Johnson on Pier 40 air rights

Corey Johnson

Corey Johnson

BY LINCOLN ANDERSON    |  The Empire State Development Corporation — the state’s development agency — is now saying that an “expedited ULURP” is what will be done for the process under which Pier 40’s unused development rights will be transferred to the St. John’s Center site across the West Side Highway, and also for the new project that will then rise on that site. A still-unseen memorandum of understanding, or M.O.U., signed by E.S.D.C. and Atlas Capital Group (a St. John’s Center owner), called for the transfer of $100 million worth of air rights from Pier 40, and for the whole project to be done under a state-run General Project Plan, as opposed to a city-run Uniform Land Use Review Procedure. ULURP involves more local community review, plus binding votes by the City Planning Commission and City Council. As the councilmember whose district includes Pier 40, at W. Houston St., Corey Johnson will be the lead negotiator on the ULURP. Downtown Express asked Johnson his thoughts on the upcoming review process — which reportedly could be completed by December 2015 — as well as about the secret M.O.U.

What exactly is an “expedited ULURP”? Does that mean the project’s application will be rushed through, skipping some of the usual required steps? Or rather will the project simply be prioritized — as in moved up in the queue of applications for review, allowing it to be dealt with more quickly?
Creating the mechanism to transfer air rights from Pier 40 won’t happen overnight. There is a precertification process that must take place before the project goes through the city’s Uniform Land Use Review Procedure, which is the public process by which land use matters are determined in New York City. Once the project has been certified, it takes a maximum of 150 days to wend its way through that process. The work that is done beforehand — studying the site, doing an environmental impact assessment, soliciting public input — is something that I and elected officials involved with this project are going to prioritize to make sure Pier 40 is a focus to ensure its current uses are maintained and guarded.

 In your understanding, exactly what kind of project is being conceived for the St. John’s Center?
We have yet to see the M.O.U., even though a FOIA [Freedom of Information Act] request was sent to retrieve it — which was a rare step for my and other elected officials’ offices to have to take to retrieve an M.O.U. from a public entity. Pier 40 needs serious repairs, and to do so will require a significant amount of money. Right now, residential development generates significantly more income for developers than commercial. Considering the history of this site, a mixed-use development would be appropriate, and certainly the residential component must include affordable housing in various income bands.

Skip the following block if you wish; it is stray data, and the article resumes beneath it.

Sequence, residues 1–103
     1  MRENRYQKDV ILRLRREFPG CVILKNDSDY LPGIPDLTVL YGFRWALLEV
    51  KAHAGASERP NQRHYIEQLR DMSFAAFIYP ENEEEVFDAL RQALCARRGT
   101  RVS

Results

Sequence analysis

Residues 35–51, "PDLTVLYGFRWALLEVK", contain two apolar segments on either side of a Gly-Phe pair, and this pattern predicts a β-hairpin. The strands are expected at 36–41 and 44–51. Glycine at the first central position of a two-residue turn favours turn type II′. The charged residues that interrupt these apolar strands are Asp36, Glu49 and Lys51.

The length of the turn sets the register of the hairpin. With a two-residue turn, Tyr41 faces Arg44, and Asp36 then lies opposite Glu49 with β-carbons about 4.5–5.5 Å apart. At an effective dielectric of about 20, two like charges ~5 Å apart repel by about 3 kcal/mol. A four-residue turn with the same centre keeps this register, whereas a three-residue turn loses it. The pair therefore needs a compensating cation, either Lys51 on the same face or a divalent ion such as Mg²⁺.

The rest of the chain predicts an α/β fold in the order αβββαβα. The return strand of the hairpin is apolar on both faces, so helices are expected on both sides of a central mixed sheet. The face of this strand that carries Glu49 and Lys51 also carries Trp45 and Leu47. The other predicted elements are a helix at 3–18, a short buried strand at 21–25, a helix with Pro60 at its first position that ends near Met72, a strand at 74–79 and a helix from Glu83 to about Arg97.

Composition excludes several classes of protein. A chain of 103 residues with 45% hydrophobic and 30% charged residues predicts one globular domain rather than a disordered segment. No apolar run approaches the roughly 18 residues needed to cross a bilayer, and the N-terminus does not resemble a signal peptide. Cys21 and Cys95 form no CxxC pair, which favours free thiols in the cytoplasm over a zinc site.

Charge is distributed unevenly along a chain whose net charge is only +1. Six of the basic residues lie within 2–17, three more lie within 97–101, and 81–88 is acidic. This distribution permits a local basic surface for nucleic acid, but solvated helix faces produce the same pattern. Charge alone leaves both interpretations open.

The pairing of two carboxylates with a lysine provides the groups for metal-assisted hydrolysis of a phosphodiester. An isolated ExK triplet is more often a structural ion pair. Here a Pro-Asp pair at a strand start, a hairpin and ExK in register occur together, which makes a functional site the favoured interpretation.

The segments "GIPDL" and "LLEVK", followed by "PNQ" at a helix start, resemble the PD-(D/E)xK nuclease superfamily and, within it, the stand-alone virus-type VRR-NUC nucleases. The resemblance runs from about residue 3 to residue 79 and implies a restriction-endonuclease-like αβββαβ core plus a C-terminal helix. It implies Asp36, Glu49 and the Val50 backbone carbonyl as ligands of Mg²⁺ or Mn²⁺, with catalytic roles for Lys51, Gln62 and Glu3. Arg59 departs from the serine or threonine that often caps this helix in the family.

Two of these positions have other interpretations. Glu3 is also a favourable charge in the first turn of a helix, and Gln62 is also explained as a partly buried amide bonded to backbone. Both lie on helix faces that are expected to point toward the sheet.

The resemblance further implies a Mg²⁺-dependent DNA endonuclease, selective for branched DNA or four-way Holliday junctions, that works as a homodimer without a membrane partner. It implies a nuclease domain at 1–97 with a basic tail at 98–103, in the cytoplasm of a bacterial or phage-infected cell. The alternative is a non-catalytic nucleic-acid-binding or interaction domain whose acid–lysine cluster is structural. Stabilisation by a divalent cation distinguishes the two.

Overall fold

This project presents an opportunity to open up the streets that were closed long ago to create the multiblock-long St. John’s building. Should that be done?
Opening up the streets makes sense and will improve access to the waterfront and the amenities at Pier 40.  If the community is in favor, it is certainly something I can support and advocate for.

How tall should a new development at the St. John’s Center site be?
The St. John’s terminal is a huge building and is located in a part of town that could accommodate a substantial development. I am open to hear what the owner would like to build there, and compare that with what the community thinks would be appropriate for the site, understanding that I also have a responsibility to Pier 40, its maintenance and use.

How do you feel about the whole secret M.O.U. process that transpired? Madelyn Wils, the Trust’s president, kept publicly assuring everyone that the whole process would be governed by ULURP — even as the M.O.U. called for a G.P.P.
The M.O.U. signed in December by E.S.D.C., the developer and the Hudson River Park Trust came as a total shock. It was also stunning to learn that such an action was done behind a curtain of secrecy. The Trust spent a lot of time assuring the community that nothing would be done without its consultation, and then, boom — they go and sign a deal with the state and the developer without telling anyone. That’s not O.K., and the M.O.U. ought to be officially revoked.

Is the Trust ratcheting up fear excessively about Pier 40’s condition? A new engineering study the Trust commissioned, to be released soon, reportedly will say the pier could sink into the river in just two years from now.
I’m not an engineer or a pier expert. But from the reports I’ve seen issued by the Trust, I have serious concerns about the condition of the pier, and believe it is in dire need for repairs to stay in use.

What about the fact that Michael Novogratz, chairperson of Friends of Hudson River Park, is a principal in Fortress Investment Group, which is one of the three partners that co-own the St. John’s Center? Is it “self-dealing” that his company stands to handsomely profit off any development at the St. John’s site and will more than recoup their share of the $100 million spent buying air rights from Pier 40?
We have to ensure that there are no conflicts of interest that exist as their project moves forward, and I take that very seriously.

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